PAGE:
On July 11, 2017, the US FDA published a final list of Class II devices exempt from 510(k) Premarket Notification Requirements (82 FR 31976). As mentioned previously here, in an effort to comply with the 21st Century Cures Act of 2016, the Agency originally issued a notice on March 14, 2017 in the Federal Register proposing to exempt a list of Class II devices from the 510(k) premarket notification requirements, with certain limitation (82 FR 13609).
The FDA took the first step on the long road of launching a proposed new laboratory accreditation program this month - the Accreditation Scheme for Conformity Assessment (ASCA).
In early April the EU Parliament voted to enact the Medical Device Regulations (MDR) and the In Vitro Diagnostic Regulations (IVDR). The regulations are due to be published in the Official Journal of the European Union in May 2017. Following publication, there will be a three year transition period for the MDR and a five year transition period for the IVDR. These regulations will therefore not be fully enacted until approximately June 2020 and June 2022, respectively.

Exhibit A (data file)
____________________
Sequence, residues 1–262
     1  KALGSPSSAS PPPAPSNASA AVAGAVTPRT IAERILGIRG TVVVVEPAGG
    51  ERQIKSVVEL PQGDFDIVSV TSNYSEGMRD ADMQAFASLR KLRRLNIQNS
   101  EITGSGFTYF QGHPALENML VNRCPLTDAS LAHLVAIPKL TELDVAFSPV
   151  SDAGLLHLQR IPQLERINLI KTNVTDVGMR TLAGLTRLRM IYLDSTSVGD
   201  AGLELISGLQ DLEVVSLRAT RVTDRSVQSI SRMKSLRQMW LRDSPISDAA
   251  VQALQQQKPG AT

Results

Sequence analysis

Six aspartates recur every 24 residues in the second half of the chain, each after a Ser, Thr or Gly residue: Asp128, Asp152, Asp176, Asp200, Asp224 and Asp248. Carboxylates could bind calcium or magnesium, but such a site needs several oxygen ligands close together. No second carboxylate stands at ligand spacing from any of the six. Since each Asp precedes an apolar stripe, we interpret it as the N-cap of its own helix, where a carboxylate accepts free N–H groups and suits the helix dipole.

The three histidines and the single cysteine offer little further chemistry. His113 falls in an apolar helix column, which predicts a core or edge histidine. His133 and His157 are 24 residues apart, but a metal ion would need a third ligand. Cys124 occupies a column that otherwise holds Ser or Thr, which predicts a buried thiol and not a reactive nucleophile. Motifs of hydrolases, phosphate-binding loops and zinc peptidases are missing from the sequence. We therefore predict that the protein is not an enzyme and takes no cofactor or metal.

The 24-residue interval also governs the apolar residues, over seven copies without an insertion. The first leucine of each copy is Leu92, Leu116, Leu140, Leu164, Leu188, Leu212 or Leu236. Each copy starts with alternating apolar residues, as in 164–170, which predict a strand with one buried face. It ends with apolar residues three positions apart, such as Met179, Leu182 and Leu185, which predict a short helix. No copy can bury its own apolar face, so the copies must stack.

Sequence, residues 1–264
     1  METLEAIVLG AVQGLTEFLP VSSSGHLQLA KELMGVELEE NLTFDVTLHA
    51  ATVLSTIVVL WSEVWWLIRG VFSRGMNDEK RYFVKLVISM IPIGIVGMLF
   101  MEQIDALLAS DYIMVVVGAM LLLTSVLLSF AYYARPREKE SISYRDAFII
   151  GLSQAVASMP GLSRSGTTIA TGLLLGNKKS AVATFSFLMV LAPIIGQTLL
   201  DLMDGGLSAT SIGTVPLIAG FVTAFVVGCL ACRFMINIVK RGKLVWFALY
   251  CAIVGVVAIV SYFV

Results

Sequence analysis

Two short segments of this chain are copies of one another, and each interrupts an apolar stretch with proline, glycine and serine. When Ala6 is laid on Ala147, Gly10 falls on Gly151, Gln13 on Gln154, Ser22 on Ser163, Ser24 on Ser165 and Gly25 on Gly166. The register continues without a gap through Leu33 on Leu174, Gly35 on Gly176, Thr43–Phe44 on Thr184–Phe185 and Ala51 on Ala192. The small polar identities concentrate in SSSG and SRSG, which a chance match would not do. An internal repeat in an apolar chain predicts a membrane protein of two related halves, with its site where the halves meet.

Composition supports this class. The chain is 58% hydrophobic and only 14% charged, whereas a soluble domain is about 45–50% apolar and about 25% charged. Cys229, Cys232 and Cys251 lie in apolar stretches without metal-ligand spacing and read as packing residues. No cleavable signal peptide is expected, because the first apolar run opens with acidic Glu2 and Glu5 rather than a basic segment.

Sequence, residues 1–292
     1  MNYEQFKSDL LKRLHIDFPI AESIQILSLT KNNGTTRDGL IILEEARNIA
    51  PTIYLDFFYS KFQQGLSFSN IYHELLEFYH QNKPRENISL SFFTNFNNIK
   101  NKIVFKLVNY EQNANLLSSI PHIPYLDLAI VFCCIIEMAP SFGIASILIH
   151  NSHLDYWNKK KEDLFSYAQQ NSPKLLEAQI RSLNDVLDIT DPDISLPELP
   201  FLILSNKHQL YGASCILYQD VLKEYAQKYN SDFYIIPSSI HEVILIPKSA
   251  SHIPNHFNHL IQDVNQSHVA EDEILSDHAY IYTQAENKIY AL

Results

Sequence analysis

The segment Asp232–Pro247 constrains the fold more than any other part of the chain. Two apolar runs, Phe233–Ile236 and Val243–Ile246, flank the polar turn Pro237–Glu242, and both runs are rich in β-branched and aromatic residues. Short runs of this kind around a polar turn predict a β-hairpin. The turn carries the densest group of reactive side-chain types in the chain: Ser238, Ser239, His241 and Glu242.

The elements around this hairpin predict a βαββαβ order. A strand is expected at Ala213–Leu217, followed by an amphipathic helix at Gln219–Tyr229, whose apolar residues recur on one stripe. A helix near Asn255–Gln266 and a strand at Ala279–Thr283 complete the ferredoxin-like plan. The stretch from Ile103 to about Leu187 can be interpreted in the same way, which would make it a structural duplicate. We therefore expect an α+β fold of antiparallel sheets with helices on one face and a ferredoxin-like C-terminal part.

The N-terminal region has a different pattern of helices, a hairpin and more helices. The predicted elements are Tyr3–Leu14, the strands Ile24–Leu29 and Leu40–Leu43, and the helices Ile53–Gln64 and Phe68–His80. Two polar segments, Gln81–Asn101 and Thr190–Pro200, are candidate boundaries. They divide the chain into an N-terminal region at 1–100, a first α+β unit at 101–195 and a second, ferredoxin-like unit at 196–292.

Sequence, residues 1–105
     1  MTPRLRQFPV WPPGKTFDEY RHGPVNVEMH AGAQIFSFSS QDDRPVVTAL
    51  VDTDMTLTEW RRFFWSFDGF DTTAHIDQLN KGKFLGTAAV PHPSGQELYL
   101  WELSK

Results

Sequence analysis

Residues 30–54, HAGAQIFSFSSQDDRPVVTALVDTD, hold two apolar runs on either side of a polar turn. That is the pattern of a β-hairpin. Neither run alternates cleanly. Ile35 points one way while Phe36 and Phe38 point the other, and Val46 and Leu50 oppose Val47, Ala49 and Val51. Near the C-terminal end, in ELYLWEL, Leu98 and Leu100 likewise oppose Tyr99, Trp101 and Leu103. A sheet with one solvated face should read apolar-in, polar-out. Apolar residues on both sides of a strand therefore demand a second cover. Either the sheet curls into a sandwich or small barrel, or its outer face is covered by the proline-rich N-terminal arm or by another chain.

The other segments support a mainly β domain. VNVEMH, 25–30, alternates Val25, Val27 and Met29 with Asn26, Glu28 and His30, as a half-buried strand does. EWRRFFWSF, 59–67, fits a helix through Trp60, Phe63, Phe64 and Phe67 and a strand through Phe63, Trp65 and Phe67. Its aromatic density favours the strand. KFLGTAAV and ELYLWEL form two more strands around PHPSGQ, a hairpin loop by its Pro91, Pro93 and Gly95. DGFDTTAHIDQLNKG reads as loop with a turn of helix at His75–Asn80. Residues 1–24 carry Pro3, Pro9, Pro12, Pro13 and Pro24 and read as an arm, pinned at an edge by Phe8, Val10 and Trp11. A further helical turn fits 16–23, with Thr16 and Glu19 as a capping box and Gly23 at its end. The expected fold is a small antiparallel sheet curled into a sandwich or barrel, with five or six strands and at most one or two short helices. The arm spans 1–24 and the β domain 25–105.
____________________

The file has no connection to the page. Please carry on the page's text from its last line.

On April 13, 2017, as part of the US FDA’s continued efforts to comply with the 21st Century Cures Act of 2016, the Agency published a list of 71 low-risk Class I medical device product codes that are exempt from all premarket notification requirements (i.e. 510(k) clearance). While the list includes product codes for ophthalmic and neurological devices, the majority of the devices are for clinical chemistry and clinical toxicology analyte controls.
On March 14, 2017 the US FDA published a notice in the Federal Register (FR Doc Number 217-04938) indicating that the Agency has identified a list of Class II devices that, when finalized, will be exempted from premarket notification requirements (i.e. 510(k)).
On March 2, 2017 the US FDA and the European Medicines Agency announced that the Agencies had completed an exchange of letters amending the 1998 US-EU Mutual Recognition Agreement.
On October 31, 2016 the US FDA published a notification in the Federal Register (81 FR 75351) extending the comment period for the Agency’s proposal to amend the good laboratory practice (GLP) regulations for nonclinical studies. This extension was due to requests from interested parties asking that the original 90-day comment period be extended by an additional 90-days to allow sufficient time for the partied to develop meaningful and thoughtful responses to the proposed rule.